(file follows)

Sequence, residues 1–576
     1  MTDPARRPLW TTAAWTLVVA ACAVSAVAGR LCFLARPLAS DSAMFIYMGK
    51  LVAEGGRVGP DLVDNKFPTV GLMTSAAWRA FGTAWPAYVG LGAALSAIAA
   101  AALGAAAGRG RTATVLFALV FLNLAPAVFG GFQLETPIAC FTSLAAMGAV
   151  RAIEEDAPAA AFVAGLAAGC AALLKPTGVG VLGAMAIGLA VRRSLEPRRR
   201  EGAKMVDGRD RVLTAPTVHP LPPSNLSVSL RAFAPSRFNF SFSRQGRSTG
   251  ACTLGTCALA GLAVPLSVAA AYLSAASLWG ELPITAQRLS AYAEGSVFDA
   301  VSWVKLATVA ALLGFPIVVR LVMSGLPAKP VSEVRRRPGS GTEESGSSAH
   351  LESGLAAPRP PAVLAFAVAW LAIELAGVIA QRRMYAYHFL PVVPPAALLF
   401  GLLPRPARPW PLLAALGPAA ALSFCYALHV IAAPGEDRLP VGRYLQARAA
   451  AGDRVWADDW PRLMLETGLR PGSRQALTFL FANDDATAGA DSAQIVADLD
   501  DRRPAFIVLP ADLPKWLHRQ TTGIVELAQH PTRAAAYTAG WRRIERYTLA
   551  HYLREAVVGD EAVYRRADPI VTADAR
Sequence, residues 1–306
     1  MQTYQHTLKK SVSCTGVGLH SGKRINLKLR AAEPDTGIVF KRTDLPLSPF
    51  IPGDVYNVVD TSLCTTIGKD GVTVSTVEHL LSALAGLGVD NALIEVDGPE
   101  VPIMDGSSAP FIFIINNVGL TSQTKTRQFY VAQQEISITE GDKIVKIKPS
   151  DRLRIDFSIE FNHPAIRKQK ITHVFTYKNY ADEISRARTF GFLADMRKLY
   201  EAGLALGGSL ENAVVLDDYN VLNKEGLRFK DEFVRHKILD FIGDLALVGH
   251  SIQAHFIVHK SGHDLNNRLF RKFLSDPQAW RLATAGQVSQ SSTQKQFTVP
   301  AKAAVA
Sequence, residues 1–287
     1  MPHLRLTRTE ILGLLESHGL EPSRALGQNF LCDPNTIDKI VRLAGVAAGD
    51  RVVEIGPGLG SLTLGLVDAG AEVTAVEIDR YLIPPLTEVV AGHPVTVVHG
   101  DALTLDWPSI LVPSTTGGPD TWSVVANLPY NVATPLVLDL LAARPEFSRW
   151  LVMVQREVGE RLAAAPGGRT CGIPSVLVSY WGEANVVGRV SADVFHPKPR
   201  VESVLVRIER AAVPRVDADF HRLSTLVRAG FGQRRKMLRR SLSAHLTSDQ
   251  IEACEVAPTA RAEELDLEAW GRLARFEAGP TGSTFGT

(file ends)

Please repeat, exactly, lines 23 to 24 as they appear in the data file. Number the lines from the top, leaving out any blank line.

     1  MPHLRLTRTE ILGLLESHGL EPSRALGQNF LCDPNTIDKI VRLAGVAAGD
    51  RVVEIGPGLG SLTLGLVDAG AEVTAVEIDR YLIPPLTEVV AGHPVTVVHG